thanksgiving nostalgia

Thanksgiving Nostalgia | Giving Thanks Then vs. Now

In November 21, 2019

Holiday season is upon us! Now that we have gotten past Halloween, family and friends around the world begin to gather to celebrate a variety of wonderful holidays.. For many, the holiday season conjures memories of time spent together celebrating and remembering previous gatherings. While there are numerous religious and cultural holidays that fall during the winter months before the new year, Thanksgiving is one that is typically celebrated by most Americans. If you’re looking for a bit of Thanksgiving nostalgia, we’ve got you covered. We thought it’d be fun to look back at Thanksgiving traditions and see how the holiday has evolved over time.

Thanksgiving Nostalgia – Looking Back on Tradition

Thanksgiving was officially declared a national holiday in 1863 by President Lincoln. Since then, the traditions surrounding the holiday have been ever-evolving. You might be intrigued to learn that some Thanksgiving traditions have been around longer than you realized, and there may even be some details about the holiday you didn’t even know were a thing!

thanksgiving tradition
From fixin’s to football, travel and advertising, Thanksgiving tradition is ingrained in American culture.
  • Turkey day football – For sports fans, Thanksgiving can be synonymous with football games. Did you know that the very first intercollegiate football game to be held on Thanksgiving took place in 1876? It wasn’t until 1934 that the NFL put on its first Thanksgiving day game.
  • Macy’s Thanksgiving Day Parade – Macy’s Department Store was founded in October of 1858. Whether you’ve shopped there or not, it’s unlikely you haven’t heard of the Macy’s Thanksgiving Day parade. Macy’s inaugural parade was held all the way back in 1924! Since then, it’s become a must-see event. 
  • The turkey – Details are a bit fuzzy on the exact date that turkey took over as the main course for Thanksgiving dinner. It’s likely turkeys weren’t on the menu at the first Thanksgiving feast. The detailed journaling of colonists of the time did not mention turkey – so when did it become tradition? There is a theory that when William Bradford’s journals were reprinted in 1856, his mention of hunting wild turkeys during the Autumn of their settlement resonated with the public. 
  • The fixin’s – Sides like cranberry sauce were definitely not present at the first Thanksgiving. In fact, cranberries weren’t a staple in American agriculture until the 19th century. While the fruit was mentioned as early as the late 1600’s, cranberry sauce wasn’t heavily marketed to consumers until 1912. And what about potatoes and yams? Potatoes were an import item and their arrival to the United States didn’t happen until the late 1700’s. Even more surprising may be the arrival of candied yams and yam casserole. Marshmallows were invented in the 1800’s, but it wasn’t until the early 20th century that culinary geniuses (okay…that may be up for debate!) decided to combine yams or sweet potatoes and marshmallows. Pumpkin pie was also not a thing until much later – the pilgrims didn’t have supplies like butter or flour and sugar to make this delectable treat.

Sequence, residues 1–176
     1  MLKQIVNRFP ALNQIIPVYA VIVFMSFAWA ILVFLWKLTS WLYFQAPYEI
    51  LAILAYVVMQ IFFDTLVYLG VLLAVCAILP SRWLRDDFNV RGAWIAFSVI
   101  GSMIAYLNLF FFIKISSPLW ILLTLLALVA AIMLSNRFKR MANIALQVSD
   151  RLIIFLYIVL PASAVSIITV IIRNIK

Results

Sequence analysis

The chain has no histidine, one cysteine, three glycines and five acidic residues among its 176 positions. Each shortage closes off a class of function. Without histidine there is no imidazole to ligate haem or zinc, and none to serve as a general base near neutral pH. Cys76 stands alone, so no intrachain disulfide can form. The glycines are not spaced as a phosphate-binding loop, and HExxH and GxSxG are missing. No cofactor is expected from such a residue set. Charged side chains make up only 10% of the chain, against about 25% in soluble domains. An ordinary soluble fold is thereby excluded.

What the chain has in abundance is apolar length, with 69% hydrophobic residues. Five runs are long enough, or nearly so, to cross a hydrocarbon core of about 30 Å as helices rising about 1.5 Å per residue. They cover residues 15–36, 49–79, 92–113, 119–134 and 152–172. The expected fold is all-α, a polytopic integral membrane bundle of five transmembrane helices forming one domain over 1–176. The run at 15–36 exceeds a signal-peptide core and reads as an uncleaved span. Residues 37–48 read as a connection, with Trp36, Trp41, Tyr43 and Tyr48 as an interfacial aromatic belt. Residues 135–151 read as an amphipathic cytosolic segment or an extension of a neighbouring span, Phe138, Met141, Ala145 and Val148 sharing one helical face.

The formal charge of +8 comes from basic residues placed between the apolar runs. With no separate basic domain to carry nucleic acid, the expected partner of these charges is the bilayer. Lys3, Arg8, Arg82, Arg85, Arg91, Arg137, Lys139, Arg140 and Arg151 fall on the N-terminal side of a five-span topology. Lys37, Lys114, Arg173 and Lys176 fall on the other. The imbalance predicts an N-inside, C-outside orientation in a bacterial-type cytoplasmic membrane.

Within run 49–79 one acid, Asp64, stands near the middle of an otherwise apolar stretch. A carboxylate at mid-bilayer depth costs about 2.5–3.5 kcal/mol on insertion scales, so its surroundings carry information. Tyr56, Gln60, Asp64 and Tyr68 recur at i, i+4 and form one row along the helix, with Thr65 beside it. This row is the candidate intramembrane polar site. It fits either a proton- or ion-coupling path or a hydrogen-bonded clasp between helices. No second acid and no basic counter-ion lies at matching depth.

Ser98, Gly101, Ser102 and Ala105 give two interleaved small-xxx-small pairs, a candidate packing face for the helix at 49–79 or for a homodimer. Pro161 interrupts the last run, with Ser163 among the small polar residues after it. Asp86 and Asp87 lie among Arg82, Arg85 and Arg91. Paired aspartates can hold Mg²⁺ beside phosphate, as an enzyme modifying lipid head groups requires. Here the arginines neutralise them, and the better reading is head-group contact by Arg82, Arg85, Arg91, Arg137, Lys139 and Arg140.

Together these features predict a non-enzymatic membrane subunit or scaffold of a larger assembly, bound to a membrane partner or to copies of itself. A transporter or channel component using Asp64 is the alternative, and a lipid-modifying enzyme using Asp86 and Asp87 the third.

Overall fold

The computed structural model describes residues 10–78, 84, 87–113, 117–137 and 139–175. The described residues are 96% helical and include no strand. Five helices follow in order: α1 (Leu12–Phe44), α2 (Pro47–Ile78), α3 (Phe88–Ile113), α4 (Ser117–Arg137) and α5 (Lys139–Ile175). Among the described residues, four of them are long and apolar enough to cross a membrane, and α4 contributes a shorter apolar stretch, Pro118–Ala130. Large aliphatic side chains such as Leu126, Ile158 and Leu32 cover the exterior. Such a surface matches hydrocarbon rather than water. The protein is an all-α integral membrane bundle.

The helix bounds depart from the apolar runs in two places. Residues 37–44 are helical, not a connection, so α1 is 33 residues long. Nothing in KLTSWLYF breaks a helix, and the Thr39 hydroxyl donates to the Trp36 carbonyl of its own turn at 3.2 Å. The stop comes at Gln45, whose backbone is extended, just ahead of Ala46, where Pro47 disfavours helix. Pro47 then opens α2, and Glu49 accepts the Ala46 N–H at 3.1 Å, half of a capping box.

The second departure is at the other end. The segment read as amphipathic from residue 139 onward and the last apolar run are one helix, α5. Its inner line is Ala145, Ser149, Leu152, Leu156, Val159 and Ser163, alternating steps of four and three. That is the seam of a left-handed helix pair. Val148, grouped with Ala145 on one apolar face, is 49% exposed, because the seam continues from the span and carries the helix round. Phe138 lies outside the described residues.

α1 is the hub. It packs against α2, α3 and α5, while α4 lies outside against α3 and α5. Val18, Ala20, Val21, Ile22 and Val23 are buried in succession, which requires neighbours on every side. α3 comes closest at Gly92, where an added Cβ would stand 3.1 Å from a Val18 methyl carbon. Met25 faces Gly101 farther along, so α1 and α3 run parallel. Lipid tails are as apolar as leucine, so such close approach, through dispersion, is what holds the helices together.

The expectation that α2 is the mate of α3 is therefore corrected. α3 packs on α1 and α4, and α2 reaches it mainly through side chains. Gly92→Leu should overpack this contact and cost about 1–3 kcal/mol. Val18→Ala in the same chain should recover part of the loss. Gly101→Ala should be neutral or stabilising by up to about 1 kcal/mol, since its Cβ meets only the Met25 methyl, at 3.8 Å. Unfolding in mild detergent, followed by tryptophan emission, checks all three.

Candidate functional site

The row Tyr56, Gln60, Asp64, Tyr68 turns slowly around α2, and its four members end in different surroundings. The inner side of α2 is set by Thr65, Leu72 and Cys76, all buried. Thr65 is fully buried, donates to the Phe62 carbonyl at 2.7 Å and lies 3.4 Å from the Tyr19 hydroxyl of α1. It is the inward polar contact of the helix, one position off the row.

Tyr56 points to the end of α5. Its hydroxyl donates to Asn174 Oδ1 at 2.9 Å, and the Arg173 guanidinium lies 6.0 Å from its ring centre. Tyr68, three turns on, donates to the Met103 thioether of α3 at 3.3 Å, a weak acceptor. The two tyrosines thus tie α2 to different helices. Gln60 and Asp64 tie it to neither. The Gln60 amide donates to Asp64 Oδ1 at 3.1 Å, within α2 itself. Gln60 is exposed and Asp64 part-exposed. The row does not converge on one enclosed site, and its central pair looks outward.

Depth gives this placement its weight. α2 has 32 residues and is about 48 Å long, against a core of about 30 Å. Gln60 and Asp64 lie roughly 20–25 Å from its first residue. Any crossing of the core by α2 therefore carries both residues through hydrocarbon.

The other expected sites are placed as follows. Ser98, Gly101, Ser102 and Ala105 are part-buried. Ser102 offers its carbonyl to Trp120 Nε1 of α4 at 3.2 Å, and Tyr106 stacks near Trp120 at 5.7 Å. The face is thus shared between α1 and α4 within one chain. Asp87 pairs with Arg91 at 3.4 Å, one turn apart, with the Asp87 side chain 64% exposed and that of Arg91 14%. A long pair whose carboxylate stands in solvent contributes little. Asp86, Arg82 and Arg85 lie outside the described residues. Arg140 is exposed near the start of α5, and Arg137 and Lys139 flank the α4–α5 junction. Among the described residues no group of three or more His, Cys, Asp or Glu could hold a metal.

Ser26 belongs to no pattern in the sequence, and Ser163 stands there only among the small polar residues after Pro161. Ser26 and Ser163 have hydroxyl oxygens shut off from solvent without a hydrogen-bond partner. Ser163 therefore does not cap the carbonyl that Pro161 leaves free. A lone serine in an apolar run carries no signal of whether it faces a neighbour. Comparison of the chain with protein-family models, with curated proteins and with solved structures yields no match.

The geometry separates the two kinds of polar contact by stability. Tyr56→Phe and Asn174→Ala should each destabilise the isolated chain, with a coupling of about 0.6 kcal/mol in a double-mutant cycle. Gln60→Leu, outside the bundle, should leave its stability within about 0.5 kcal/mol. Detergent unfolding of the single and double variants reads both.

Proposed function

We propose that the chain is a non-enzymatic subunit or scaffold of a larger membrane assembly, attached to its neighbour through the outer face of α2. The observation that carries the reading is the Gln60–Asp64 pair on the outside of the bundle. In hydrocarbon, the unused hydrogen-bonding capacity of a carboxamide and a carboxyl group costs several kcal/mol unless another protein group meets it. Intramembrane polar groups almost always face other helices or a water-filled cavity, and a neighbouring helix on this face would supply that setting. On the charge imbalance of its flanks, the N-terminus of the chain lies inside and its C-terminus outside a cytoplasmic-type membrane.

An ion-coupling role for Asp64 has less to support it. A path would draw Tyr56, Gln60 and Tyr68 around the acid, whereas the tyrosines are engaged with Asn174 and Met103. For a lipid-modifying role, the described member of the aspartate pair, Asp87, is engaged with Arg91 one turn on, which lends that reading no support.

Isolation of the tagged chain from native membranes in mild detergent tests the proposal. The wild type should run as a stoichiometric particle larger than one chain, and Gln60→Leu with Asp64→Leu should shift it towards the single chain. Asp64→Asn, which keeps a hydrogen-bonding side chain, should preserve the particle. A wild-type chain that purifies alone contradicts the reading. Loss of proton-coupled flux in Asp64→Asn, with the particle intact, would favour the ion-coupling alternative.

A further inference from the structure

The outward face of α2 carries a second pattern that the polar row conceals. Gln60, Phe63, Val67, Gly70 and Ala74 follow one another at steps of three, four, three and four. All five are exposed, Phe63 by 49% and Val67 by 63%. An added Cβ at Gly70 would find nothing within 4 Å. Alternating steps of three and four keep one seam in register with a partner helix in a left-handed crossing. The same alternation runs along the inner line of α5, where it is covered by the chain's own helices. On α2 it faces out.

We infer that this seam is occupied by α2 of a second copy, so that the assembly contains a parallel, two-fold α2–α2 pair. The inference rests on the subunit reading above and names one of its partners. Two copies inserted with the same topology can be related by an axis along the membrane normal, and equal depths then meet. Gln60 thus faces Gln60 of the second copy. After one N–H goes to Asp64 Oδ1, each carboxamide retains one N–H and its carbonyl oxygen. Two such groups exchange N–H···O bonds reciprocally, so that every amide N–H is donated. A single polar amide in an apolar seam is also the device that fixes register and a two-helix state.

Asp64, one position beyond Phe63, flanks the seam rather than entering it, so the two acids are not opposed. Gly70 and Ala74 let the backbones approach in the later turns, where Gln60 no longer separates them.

• Green Bean Casserole – We thought this iconic dish deserved its own section. Don’t deny it, Thanksgiving this year wouldn’t be the same without a hefty serving of this side. Not surprisingly, this dish was literally invented by none other than the soup brand Campbell’s. The 50’s fortunately or unfortunately brought us an era of casserole, and this is one of the best known dishes from that era. 
  • Advertising – You may not realize it, but much Thanksgiving nostalgia is brought about by consumer culture and advertising. It’s no surprise that good marketing is meant to sway the public. Sometimes attaching a product to a special event or activity is the best way to ensure the product remains popular. Print ads with graphic art became popular in the 1920’s. During this time, things like turkeys and cranberry sauce were heavily advertised, ingraining them in the American mindset as a cultural must for Thanksgiving dinner. 
  • Travel – The overall purpose of Thanksgiving is to…well…give thanks! It inspires people to connect with friends and family, remember the good times and reflect on what they’re thankful for. Hundreds of years ago, most families were local to each other in settlements and towns across America. Now, however, it’s more common for families to live hundreds, if not thousands of miles apart. In 2018, nearly 51 million Americans traveled at least 50 miles or more to visit loved ones for Thanksgiving. Whether it’s a quick road trip or a flight across the country, the holidays and family travel tend to go hand in hand. 

No matter what your belief, Thanksgiving tends to be a pretty big deal. Knowing the history behind the holiday is a great way to really appreciate what it’s all about. If you plan to travel this holiday season, we want you to stay safe. It’s one of the busiest times of year when it comes to commercial flights. Remember, if you’re traveling overseas you’ll need a passport. You still have time to apply, but you’ll need a certified copy of your birth certificate to apply. If you’re traveling domestically, you’ll be fine with your driver’s license, at least for now until the Real ID is implemented nationwide. We hope you have a warm and memorable Thanksgiving this year! 

Leave A Comment